Do people choose where to live based on how much they will pay in taxes? Apparently they do–and it isn’t just retirees that pay attention to tax rates. Here are lists of the most–and least–popular destination states for Americans on the move.
Where is the best state for a federal retiree to live? It’s a complex question with many considerations (such as family and friends) based solely on personal preferences. Some states will give you a tax break to encourage you to move there; others will get as much from your pocket as possible. Here is a list of some of the best (and worst) states for living after retirement.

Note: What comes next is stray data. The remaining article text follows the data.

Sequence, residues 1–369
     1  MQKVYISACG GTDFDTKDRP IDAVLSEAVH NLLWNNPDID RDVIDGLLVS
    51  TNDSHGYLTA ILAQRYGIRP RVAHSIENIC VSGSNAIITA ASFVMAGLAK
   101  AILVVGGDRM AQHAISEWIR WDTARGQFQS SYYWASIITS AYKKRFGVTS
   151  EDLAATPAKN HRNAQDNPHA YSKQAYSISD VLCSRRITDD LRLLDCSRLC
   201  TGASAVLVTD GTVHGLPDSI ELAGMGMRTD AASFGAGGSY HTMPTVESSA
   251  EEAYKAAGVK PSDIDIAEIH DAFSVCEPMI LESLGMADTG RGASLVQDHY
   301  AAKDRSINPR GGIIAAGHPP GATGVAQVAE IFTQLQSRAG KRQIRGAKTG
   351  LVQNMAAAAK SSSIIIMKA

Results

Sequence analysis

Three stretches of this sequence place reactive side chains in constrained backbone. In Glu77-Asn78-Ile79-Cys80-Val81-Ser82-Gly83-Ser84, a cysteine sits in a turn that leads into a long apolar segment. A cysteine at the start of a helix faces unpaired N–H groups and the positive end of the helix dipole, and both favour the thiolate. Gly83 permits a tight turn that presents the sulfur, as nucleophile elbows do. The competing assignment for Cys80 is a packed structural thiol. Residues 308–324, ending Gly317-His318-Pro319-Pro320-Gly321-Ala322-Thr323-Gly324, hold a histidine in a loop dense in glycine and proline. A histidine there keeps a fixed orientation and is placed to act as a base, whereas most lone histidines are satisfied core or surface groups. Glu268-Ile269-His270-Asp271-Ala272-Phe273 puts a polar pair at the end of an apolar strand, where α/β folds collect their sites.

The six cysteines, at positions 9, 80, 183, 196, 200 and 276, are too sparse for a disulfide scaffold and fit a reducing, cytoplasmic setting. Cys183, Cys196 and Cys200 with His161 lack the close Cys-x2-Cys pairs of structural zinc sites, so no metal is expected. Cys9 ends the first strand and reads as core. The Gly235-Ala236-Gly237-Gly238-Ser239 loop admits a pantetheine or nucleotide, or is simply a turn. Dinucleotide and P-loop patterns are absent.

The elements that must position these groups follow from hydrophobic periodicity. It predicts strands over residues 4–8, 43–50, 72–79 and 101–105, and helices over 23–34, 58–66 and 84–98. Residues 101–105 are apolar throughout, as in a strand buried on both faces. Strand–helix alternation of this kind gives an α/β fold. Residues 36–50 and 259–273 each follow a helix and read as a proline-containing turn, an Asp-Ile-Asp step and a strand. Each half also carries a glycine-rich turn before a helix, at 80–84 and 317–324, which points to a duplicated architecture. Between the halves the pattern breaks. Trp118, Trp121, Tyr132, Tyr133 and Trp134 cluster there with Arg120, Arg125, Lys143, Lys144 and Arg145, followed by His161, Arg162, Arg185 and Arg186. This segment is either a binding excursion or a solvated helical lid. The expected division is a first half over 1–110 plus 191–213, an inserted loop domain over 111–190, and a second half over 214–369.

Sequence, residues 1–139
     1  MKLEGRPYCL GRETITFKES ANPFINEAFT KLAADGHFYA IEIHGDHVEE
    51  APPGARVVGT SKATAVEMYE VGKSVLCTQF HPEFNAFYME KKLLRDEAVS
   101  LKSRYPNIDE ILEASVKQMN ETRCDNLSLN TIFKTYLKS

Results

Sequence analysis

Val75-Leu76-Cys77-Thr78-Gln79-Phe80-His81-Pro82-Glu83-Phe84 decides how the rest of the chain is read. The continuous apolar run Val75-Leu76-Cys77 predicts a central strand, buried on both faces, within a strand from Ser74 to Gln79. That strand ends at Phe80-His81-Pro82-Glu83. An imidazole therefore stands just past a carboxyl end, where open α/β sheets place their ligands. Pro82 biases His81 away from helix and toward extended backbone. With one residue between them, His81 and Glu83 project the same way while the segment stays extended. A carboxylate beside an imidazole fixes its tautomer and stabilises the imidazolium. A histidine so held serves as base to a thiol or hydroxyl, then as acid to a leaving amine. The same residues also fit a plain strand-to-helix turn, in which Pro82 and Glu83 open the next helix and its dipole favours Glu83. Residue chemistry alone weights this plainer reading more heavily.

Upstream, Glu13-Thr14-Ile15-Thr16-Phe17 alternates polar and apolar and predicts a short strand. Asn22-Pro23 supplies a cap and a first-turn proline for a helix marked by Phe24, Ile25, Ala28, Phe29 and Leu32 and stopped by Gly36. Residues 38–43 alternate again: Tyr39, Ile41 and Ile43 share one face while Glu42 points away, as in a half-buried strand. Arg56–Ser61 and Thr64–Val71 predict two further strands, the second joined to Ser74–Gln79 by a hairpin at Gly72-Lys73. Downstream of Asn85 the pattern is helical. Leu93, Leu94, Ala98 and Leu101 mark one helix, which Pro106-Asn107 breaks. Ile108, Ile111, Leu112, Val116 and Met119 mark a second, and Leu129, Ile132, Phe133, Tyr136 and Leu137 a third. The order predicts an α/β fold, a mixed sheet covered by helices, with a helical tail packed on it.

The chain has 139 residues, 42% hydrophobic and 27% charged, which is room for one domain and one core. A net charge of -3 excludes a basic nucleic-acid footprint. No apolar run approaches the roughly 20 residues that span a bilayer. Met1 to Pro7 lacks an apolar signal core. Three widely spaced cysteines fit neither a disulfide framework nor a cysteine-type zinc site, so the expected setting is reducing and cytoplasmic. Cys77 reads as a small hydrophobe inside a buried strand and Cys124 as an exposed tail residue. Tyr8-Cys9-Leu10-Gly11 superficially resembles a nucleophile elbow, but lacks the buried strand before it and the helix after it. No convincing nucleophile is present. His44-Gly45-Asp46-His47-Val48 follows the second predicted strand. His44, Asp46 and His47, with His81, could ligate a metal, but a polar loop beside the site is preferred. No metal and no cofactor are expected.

Your contributions to the federal retirement fund are not taxable when the government send this money back to you in the form of an annuity. But you only receive a portion of it back each year. You do not recoup all of your contributions until you have reached your life expectancy.
A casual observer might think that CSRS employees who retire on an early out and receive a 2% per year reduction for being under age 55 are worse off than are similarly situated FERS early retirees. In most cases that casual observer would be wrong. Here is why.
Tens of thousands of federal employees are heading into retirement. They will get a COLA each year. Will it really keep up with inflation? Will you have enough money to last until you die? Unpleasant questions and here are some thoughts before you file your retirement forms.